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candidate's "bestiality" comments come back to haunt her

candidate's "bestiality" comments come back to haunt her


Janet Rowland, Republican candidate for Colorado lieutenant governor, in a March TV interview said homosexuality is an alternative lifestyle, adding, "For some people, the alternative lifestyle is bestiality. Do we allow a man to marry a sheep?"

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Democrats pounced on Colorado's Republican gubernatorial candidate Bob Beauprez and his newly chosen running mate, Janet Rowland, on Tuesday for comments she made five months ago comparing same-sex marriage to bestiality. In a March 17 broadcast of the Rocky Mountain PBS program Colorado State of Mind, Rowland said homosexuality is an alternative lifestyle, adding, "For some people, the alternative lifestyle is bestiality. Do we allow a man to marry a sheep?"

Democrat Bill Ritter's campaign called the remarks "insensitive, close-minded, derogatory, and crude" and demanded an apology. "This shows just how far to the right and out-of-touch the Beauprez-Rowland ticket really is," Ritter campaign manager Greg Kolomitz said.

Beauprez campaign manager John Marshall said Rowland regretted the remark and has apologized. "We all say things we don't mean sometimes," he said. "That's what happened."

He said Beauprez continues to believe Rowland is a strong candidate but added, "Let me be clear. He doesn't agree with [the] comments, and neither does she."

Marshall said Rowland had told campaign officials about the remarks before she was chosen as Beauprez's running mate, and they accepted her apology and statement of regret.

Rowland was campaigning Tuesday and was not available for further comment, Marshall said.

The tempest arose just one day after Beauprez announced that Rowland, a Mesa County commissioner, is his running mate in what is expected to be a tight race for the seat being given up by term-limited GOP governor Bill Owens. Beauprez praised Rowland's accomplishments, integrity, and "real-world experience."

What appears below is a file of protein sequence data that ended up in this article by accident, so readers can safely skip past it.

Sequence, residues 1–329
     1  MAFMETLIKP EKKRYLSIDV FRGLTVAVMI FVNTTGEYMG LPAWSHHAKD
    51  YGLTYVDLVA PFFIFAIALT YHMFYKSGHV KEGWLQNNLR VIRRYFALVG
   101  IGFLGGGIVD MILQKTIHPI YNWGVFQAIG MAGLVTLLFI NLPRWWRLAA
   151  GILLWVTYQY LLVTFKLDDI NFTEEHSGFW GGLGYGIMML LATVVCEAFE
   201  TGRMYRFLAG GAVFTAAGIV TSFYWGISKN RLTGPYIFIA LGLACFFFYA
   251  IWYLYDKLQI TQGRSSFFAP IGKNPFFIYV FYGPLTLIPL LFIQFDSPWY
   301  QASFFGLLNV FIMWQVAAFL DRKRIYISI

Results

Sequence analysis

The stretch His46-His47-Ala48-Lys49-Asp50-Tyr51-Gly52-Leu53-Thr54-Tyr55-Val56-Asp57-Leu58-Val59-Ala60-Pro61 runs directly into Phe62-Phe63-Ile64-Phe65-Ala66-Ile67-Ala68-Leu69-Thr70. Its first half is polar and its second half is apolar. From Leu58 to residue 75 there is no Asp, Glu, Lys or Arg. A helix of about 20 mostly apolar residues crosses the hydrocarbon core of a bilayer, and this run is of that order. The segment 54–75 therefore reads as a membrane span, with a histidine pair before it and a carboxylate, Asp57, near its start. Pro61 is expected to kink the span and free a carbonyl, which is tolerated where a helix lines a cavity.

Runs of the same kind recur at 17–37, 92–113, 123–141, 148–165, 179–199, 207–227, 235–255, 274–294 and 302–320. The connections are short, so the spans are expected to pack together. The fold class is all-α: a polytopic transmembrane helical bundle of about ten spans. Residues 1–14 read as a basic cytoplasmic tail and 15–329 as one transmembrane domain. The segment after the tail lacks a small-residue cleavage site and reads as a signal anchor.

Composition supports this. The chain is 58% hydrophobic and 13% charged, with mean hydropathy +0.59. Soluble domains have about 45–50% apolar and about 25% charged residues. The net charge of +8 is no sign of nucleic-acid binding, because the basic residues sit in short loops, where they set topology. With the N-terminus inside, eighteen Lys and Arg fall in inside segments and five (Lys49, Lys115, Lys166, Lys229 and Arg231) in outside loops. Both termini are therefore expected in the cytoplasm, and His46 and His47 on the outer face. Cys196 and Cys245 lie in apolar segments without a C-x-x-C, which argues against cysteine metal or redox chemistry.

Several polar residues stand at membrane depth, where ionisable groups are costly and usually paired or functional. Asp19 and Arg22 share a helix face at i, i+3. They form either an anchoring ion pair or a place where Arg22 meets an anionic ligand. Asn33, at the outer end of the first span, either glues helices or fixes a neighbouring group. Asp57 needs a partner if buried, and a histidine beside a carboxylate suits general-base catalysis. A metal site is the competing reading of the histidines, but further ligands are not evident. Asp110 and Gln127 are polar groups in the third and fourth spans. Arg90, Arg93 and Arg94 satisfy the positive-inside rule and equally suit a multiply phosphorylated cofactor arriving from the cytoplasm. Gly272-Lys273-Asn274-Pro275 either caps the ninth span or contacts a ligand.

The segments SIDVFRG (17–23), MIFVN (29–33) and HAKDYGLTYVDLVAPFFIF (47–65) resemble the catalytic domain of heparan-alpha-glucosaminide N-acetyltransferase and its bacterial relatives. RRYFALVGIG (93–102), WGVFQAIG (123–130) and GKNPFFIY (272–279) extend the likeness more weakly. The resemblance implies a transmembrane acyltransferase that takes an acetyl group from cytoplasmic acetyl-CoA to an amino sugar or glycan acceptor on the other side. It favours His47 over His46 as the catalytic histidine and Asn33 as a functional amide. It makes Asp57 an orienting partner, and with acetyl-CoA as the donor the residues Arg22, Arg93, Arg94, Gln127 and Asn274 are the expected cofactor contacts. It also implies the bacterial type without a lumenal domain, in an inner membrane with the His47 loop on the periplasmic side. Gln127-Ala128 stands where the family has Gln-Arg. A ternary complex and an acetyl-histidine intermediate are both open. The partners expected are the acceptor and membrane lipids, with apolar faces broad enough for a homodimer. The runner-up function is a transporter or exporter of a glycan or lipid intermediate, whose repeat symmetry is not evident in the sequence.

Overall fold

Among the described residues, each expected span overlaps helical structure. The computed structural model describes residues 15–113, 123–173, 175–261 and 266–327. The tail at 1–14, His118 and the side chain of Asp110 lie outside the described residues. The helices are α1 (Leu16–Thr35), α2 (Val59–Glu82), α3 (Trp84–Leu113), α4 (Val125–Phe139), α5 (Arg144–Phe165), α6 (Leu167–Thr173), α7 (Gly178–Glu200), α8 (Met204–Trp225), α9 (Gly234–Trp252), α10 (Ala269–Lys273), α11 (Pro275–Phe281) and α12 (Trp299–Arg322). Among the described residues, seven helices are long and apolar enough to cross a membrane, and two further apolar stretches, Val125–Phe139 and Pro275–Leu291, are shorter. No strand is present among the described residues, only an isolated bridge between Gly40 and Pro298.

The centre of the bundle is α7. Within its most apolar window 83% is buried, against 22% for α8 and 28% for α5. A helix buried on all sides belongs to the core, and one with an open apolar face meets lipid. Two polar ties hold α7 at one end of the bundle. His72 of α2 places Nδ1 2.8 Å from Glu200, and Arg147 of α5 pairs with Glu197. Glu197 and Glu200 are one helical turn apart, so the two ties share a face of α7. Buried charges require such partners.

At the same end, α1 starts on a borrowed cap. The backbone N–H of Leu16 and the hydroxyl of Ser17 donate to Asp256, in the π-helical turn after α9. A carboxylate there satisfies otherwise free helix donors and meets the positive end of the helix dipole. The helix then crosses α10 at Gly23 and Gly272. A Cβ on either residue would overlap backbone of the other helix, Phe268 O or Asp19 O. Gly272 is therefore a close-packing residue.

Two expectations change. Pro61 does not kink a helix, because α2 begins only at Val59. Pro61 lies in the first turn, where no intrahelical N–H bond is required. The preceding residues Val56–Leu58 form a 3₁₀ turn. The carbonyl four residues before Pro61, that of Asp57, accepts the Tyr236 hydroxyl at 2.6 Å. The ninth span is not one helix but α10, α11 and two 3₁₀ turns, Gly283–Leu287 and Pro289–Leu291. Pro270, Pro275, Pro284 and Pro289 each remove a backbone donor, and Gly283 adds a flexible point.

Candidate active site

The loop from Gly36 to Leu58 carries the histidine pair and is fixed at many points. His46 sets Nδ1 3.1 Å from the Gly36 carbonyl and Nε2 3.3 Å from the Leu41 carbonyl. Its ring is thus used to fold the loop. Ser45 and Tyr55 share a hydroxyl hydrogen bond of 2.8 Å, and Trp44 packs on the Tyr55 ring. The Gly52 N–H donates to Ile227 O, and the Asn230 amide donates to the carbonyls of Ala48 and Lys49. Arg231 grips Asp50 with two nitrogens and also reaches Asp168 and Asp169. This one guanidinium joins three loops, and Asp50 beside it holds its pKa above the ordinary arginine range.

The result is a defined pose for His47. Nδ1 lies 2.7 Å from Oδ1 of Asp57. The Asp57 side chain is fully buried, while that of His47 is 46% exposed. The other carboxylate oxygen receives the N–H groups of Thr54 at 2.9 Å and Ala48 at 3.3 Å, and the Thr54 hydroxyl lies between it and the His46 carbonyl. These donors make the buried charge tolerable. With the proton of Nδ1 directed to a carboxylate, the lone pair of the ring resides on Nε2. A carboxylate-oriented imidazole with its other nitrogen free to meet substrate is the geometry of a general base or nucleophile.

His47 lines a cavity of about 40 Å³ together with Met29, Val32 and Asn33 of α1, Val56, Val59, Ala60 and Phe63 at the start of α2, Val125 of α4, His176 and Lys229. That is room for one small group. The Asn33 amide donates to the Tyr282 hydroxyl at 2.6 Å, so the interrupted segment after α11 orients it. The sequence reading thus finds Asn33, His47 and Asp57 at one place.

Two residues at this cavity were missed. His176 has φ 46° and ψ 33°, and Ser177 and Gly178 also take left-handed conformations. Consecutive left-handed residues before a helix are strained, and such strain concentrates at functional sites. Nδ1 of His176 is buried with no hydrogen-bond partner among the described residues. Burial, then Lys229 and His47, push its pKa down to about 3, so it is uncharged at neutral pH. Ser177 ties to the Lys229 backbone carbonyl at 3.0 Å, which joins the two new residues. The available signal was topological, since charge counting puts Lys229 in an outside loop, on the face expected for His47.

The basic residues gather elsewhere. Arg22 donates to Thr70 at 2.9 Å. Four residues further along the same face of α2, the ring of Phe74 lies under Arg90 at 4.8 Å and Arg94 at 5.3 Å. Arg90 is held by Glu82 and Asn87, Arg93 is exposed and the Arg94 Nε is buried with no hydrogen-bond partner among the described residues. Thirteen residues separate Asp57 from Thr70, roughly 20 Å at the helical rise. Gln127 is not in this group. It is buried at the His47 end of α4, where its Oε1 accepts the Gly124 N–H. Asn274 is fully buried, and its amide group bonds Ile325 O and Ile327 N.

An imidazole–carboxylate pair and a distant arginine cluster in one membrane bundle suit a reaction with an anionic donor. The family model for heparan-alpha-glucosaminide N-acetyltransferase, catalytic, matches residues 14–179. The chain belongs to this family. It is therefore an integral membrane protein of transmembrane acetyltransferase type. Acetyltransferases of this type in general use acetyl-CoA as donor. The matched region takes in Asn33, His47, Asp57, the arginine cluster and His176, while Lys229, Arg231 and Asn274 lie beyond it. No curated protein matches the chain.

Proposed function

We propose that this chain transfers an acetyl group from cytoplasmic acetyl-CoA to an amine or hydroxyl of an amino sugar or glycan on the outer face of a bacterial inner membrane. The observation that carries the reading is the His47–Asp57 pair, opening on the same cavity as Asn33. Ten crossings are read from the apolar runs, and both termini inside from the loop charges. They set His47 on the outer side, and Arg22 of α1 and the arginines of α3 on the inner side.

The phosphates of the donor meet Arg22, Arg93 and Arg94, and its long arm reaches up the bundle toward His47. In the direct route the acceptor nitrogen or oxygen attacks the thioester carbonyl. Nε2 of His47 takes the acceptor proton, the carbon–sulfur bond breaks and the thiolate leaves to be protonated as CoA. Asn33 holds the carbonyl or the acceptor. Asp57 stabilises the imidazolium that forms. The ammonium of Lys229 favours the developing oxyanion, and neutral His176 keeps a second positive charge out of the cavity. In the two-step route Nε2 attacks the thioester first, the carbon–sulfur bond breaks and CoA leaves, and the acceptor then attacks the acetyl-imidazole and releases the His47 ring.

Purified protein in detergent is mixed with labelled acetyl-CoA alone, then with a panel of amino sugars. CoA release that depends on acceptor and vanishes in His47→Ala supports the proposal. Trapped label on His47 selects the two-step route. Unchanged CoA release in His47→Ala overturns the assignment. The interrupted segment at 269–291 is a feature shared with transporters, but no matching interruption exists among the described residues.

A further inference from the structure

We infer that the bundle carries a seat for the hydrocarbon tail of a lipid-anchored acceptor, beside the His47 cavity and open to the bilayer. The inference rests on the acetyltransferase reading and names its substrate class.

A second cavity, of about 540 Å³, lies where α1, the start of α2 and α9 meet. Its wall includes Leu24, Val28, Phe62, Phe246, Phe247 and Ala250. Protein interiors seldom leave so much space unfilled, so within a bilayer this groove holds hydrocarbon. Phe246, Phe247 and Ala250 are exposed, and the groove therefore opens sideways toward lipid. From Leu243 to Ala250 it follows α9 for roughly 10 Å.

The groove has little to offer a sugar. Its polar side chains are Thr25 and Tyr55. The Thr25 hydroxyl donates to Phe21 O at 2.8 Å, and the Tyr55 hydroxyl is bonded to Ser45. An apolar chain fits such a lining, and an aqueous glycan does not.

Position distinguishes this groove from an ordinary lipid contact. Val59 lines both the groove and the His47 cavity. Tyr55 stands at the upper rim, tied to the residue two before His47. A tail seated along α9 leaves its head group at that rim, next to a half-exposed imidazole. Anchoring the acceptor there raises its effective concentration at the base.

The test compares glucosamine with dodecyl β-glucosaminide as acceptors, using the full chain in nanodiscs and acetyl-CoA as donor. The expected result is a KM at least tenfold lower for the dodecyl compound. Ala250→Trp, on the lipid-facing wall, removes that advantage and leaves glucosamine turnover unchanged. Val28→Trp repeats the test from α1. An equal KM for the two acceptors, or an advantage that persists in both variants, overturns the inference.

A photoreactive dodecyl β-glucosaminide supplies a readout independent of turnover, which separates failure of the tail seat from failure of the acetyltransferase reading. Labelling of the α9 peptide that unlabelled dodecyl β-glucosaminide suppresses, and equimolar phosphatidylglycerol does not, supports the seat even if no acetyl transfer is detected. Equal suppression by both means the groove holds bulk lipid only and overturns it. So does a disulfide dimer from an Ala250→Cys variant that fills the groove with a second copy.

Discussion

Rowland, 43, is a married mother of two children. In the broadcast, she stressed that she does not hate gays. "I have friends who are gay, I've worked with people who are gay, [and] I have utmost respect for them," she said.

She said society must differentiate between what is acceptable as marriage and what is not. "Some people have group sex. Should we allow two men and three women to marry? Should we allow polygamy, with one man and five wives?" she said.

She returned to the bestiality comparison at the end of the broadcast. "And I know some of you are outraged that I would compare bestiality to this," she said. "Forty or 50 years ago, people would be outraged that we were talking about gay marriage."

Republican political analyst Katy Atkinson of Denver said it's difficult to measure what impact Rowland's comments will have on the race. She said it depends partly on whether key swing voters view Rowland's views as extreme. "Coloradans tend to not like or vote for anybody who is an extremist," she said. "If that comment is used to portray her and Bob Beauprez as extremist, that's a problem." Atkinson said Beauprez will fare best if he can regain the offensive in the campaign and shape the voters' impression of him.

"Bob Beauprez's secret weapon is Bob Beauprez," she said. "When he speaks to voters on television or radio, he seems like their favorite uncle, like every word he says is sincere and from the heart."

So far, she said, Ritter and his supporters have kept Beauprez on the defensive, and Rowland's comments only contribute to that. "The challenge he has had all along--it hasn't worked very well for him--is to run the campaign on his terms, and he hasn't been able to do that," Atkinson said. "Now his campaign is having to react to these comments." (AP)

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candidate's "bestiality" comments come back to haunt her

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